By Peter Knegt | Indiewire October 8, 2013 at 12:40PM
It's pretty much an assured equation: Oscars + Foreign Language Film Category = Outrage. Sometimes, the fault lies with Academy voters (as it did when "Departures" won the Oscar in 2008 over what most viewed as two greatly superior nominees - "Waltz With Bashir" and "The Class;" or when "4 Months, 3 Weeks and 2 Days," "Persepolis" and "Volver" were all left off the ballot in 2007). Sometimes, the national submission committees are at fault (like when Spain chose "Mondays in the Sun" over "Talk To Her" back in 2002, only to see the former get nada and the latter win the Oscar for best original screenplay -- a category Spain had no control over). And sometimes it's just those pesky Academy rules (some very interesting thoughts on said rules here care of Cameron Bailey, though clearly for this year there's no changing anything).
Last year, it was the country's submission gods that
resulted in the snub that caused the most controversy. France -- the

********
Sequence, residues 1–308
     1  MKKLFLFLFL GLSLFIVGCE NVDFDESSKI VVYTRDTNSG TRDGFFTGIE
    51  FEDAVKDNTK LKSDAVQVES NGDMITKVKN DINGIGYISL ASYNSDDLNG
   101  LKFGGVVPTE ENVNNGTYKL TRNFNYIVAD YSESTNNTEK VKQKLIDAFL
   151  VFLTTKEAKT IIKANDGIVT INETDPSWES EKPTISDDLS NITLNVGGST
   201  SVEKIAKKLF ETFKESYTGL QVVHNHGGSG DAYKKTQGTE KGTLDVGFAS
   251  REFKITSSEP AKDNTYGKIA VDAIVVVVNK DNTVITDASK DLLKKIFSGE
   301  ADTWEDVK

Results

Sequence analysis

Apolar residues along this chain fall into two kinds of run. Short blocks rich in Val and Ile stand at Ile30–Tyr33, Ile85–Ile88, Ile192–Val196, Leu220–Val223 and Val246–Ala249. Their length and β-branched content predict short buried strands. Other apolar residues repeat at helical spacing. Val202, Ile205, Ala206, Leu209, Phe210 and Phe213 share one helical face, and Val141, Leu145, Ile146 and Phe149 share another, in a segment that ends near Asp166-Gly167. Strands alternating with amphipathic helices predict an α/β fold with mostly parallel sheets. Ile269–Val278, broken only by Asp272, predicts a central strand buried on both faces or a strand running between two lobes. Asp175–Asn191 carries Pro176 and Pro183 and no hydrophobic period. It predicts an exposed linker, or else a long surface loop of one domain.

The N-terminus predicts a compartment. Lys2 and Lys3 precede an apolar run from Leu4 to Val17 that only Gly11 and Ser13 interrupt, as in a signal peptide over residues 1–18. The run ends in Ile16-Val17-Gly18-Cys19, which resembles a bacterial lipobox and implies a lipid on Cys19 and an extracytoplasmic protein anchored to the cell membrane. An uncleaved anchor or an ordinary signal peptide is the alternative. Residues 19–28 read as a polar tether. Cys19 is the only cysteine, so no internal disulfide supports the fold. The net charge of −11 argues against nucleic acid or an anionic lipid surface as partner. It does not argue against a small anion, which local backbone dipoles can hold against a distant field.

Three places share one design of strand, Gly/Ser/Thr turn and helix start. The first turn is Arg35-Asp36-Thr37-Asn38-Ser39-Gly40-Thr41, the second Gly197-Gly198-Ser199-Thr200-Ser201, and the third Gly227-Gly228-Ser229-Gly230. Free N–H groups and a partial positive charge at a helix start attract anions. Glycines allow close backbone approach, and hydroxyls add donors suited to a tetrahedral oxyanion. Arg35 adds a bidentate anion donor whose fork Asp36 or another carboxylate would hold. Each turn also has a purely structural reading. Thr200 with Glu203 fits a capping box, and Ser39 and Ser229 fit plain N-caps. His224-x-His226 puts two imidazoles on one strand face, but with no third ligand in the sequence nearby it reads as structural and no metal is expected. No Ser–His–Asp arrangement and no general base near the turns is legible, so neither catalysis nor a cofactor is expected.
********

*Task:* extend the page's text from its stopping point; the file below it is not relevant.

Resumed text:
country that holds the most nominations ever and second most wins in this category (after Italy) -- went with box office hit "The Intouchables" instead of critical hit "Rust and Bone," only to see it miss the shortlist altogether. The country is a topic of conversation this year again, though this time it's not really their fault so much as it is those pesky Academy rules. And with the full list of submissions officially announced, let's look at that controversy and 9 other things -- controversial or simply notable -- about this year's submissions:
1. There's a lot of them: Last year, a then-record 71 countries submitted to the foreign language category. This year 5 more did, topping that record and offering the very nice suggestion that movies are being made in more countries around the world than ever before.